Home inContext Mubarak’s Shadow Hinders Egyptian Progress

Mubarak’s Shadow Hinders Egyptian Progress

Erin Dwyer

Activists in Cairo on Monday criticized an agreement signed by thirteen political parties and Egypt’s interim military rulers over the weekend. The agreement was made in order to avoid an election boycott after thousands took to the streets Friday, threatening to forgo voting unless the interim army leadership changed an election law to allow parties to field candidates both on party lists and for seats allocated to individuals.

Egypt’s first parliamentary elections since ousting Hosni Mubarak is set to take place on November 28, when citizens will vote to fill the People’s Assembly, Egypt’s lower house of parliament. Voting for the Shura Council, the upper house, will take place two months later. A committee with members from both bodies will then be appointed before April 2012 and will be charged with drafting a new constitution within one year.

Egyptian protesters in Cairo’s Tahrir Square on Sept. 30th.

Once the document is completed, presidential elections are to be scheduled, although there is no set time for that to happen after the constitution’s completion — meaning, military rule over the country could continue past April 2013. Presidential hopefuls have publicly criticized this timetable under the pretense that it slows Egypt’s transition to civilian rule.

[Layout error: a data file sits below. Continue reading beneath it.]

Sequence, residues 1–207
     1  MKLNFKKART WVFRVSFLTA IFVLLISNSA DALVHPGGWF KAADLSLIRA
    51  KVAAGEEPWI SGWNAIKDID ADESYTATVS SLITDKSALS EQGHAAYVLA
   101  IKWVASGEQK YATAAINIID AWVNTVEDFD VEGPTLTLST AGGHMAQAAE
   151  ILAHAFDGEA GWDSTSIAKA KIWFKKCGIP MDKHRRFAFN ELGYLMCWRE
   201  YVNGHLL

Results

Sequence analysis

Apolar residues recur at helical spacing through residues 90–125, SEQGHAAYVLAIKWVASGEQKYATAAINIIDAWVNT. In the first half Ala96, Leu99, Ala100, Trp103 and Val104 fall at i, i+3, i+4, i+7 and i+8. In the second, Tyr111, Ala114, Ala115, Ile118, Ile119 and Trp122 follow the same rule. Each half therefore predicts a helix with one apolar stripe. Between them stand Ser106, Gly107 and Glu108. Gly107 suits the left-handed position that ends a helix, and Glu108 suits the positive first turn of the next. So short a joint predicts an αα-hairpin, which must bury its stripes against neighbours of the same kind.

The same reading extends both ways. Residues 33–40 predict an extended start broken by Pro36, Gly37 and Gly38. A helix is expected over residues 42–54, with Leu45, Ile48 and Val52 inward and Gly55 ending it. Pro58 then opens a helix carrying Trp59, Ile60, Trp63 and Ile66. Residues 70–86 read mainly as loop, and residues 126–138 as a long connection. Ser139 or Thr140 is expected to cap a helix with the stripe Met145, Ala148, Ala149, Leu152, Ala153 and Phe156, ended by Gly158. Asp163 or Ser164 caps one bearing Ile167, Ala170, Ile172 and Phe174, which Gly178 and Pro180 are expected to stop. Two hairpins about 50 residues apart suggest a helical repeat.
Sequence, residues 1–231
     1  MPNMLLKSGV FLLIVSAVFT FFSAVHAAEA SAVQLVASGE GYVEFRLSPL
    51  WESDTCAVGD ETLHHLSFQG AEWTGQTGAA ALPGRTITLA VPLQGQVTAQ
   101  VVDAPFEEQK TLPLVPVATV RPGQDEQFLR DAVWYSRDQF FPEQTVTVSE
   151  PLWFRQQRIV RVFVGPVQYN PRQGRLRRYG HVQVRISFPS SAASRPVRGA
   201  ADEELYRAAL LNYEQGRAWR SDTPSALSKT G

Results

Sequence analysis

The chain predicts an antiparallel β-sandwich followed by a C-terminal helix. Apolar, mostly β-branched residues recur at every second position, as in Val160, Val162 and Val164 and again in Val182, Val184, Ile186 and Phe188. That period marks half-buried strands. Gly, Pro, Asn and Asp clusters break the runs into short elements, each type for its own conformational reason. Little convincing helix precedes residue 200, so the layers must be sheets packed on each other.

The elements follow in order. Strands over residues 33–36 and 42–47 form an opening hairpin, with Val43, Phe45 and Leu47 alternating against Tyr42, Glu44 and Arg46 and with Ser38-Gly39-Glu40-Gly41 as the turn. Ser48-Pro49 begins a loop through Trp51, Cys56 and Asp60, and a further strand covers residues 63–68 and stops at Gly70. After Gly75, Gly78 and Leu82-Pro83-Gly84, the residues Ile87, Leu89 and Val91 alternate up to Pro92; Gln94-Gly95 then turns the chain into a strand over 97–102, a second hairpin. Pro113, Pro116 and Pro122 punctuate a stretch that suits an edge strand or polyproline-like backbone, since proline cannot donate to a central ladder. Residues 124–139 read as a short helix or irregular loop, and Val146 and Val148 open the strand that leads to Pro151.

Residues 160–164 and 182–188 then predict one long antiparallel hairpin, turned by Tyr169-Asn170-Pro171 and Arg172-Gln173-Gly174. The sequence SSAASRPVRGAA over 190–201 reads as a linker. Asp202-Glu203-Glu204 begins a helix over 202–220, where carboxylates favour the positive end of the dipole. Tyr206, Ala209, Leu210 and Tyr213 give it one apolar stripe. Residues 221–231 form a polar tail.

In response to the boycott, generals also agreed to review the controversial expanded emergency law that allows authorities to detain people without official charges. Lifting the emergency law was a principal demand of the Egyptian uprising against Mubarak. Military chiefs said they would now consider narrowing its scope and ending military trials for civilians. According to human rights organizations, 12,000 civilians have been tried in military courts and jailed since the revolution.

While the weekend’s agreement was meant to appease critics, it seems to have further agitated activists who believe the deal offers only minor concessions, fails to make promises, and in short, does not go far enough. Egypt, a great stakeholder in the “Arab Spring,” has much to gain if only it can find a way to smoothly transition from military to civilian rule. But, as of now, among the mayhem, it seems to currently lack the patience, order, and cohesiveness necessary for progress.